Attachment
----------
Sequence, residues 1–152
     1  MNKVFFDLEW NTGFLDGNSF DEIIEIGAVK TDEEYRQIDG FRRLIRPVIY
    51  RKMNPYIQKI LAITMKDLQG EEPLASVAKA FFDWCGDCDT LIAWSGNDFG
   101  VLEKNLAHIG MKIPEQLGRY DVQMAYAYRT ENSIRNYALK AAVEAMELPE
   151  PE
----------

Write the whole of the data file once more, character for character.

Sequence, residues 1–152
     1  MNKVFFDLEW NTGFLDGNSF DEIIEIGAVK TDEEYRQIDG FRRLIRPVIY
    51  RKMNPYIQKI LAITMKDLQG EEPLASVAKA FFDWCGDCDT LIAWSGNDFG
   101  VLEKNLAHIG MKIPEQLGRY DVQMAYAYRT ENSIRNYALK AAVEAMELPE
   151  PE